Is It Really That Bad?
I’ll begin this post with a disclaimer. If you are under the age of thirty, it is quite likely that I’ll come across as an out-of-touch old man. If you are approaching, at or beyond middle-age; you can probably relate with what I’m about to say.
There is a phenomenon that transcends all sports and has slithered its way into our everyday society. It is curious, at best; but at times I find it almost disturbing. Unfortunately, the IZOD IndyCar Series is not immune to this virus that has infected our culture. In fact, it seems to be celebrated and encouraged within the series. So what is this that threatens our way of life? The scowl.
Have you noticed how menacing all of the IZOD IndyCar Series drivers look in their official photos and video shoots? If you stay up to watch the race at Motegi next Saturday night, notice the short five to ten second videos of whatever driver they are talking about. Obviously, some alleged creative person told them that whatever they do – don’t smile. Some of them look downright sinister. Dario Franchitti normally has a very pleasant and engaging smile, yet for any official photo – he looks like someone you wouldn’t want to share a commercial plane ride with.
From Tony Kanaan to the usually contagious smile of Helio Castroneves, they have captured everyone with some brooding scowl on their face. They’ve even managed to erase the genuinely warm smile from Sarah Fisher. They have somehow transformed her from the girl next door to some angry-looking woman you wouldn’t want to encounter in the workplace. The only driver that looks natural in these photo shoots is Danica Patrick, because she always seems to be pouting about something.
When did this become the way to sell and promote your drivers? Even the normally affable Justin Wilson looks a little bit like Lucifer, when he strikes the promotional pose.
When did smiling go out of style? For centuries, songs and poems were written about how disarming a person’s smile can be. Corny sayings have evolved over time, telling us how an infectious smile can do anything from brightening someone else’s day to keeping your own stress levels at bay; thereby staving off heart attacks, strokes and cancer. But somewhere over the last few years, it became fashionable to ditch the smile in order to see how mean and unhappy you can look.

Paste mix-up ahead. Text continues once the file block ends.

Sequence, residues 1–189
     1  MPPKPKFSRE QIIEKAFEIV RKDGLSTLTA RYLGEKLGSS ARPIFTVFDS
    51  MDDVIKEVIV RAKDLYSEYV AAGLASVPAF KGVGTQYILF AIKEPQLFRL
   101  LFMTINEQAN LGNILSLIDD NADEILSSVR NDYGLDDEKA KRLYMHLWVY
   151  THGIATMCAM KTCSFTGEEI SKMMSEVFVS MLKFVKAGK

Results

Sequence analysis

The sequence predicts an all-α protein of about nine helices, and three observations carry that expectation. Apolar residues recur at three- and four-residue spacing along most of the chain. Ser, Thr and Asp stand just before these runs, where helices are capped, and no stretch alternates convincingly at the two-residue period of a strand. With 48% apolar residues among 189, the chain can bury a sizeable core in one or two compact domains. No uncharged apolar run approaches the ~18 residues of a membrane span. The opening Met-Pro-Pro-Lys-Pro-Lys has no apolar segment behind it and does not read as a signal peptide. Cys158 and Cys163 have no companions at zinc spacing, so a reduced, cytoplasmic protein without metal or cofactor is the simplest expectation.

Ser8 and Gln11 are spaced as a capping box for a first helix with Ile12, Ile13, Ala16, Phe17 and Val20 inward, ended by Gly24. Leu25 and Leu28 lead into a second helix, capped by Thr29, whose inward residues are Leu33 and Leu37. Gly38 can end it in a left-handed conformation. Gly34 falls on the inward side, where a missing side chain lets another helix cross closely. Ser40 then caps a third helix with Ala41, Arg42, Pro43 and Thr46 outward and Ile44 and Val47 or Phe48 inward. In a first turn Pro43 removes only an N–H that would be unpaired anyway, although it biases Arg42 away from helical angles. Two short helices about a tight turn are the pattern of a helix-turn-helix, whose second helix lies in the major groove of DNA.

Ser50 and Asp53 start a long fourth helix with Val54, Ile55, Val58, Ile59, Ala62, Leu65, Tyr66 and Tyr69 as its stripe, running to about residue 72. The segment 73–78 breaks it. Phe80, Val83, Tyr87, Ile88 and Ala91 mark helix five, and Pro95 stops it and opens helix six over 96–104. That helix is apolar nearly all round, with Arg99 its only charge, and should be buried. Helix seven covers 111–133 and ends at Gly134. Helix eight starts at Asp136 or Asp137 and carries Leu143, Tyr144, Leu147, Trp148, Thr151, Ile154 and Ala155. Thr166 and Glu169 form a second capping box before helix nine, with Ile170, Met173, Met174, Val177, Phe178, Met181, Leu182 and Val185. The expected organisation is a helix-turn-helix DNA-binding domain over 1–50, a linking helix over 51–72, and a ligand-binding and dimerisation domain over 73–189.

The IZOD IndyCar Series is only the latest in our modern culture to adopt the fashionable scowl. Watch any NFL game. Every time they show the video head shot of a player, he is inexplicably looking down at his feet. Then he raises his head and assumes a frightening look as if he was just awakened during a burglary. Not only is it scary looking, it’s stupid looking.
When the Miami Dolphins running backs were introduced for Super Bowl VII, Larry Csonka was the only one that had his helmet off as he was smiling and posing for the cameras. When he was later asked why he had his helmet off for player introductions, he said it was the only time people could see him smile. My, how times have changed.
Pick up a high school annual from today and scan the individual photos. Everyone looks like they just attended their own funeral. It looks like a collection of FBI mug shots. Here I go sounding old, but it used to be that this was your chance to put on your best face – and smile. Scanning my old high school annuals – everyone was smiling. Were we just too stupid to know any better?
Somewhere along the way, our society got the idea that if someone carried a frustrated look on their face – it meant that they were a dark and mysterious deep-thinker. In the late eighties and early nineties, Tom Cruise made millions playing an angry young man. I just never knew why he was so miserable. Somehow, we have bought into the notion that if you are upbeat and positive – you obviously don’t get it and you are clueless. Nowadays, it’s as if no one will be able to connect with anyone who is actually happy. Maybe everyone is following the example of George Costanza from Seinfeld. He figured as long as he looked frustrated at work, people would think he was taking his job seriously and would leave him alone.
Commercials have helped propagate this way of thinking. Unless it’s a funny beer ad, most products today are hawked by angry young men and way too serious young women. You get the sense from today’s generation that smiling is a form of weakness.
Am I so out of touch today, that I am the only one that is turned off by brooding scowls? My way of thinking is, why would I want to use a product or follow a sport that might put a look on my face like I’m about to go see a proctologist? There is enough strife in the world, as well as our small world of IndyCar racing that make me want to avoid people that don’t smile. If I’m a casual fan checking out an IndyCar race, seeing a bunch of mad and unhappy drivers is not going to draw me in. Life is too short to spend your recreational hours following drivers that appear to be filled with negativity.
Yes, I am old-fashioned – and I admit it proudly. I was taught the value and power of a smile. There’s the old saying that you catch flies with honey, not vinegar (although I never knew why you would want to catch flies in the first place). I don’t buy into this new fad of the trendy frown. I’ve learned how people respond to smiles and how they don’t respond to frowns. I’m hoping that as IZOD and Randy Bernard reshape the image of the IZOD IndyCar Series, they’ll reverse the trend of the snarling photo shoot.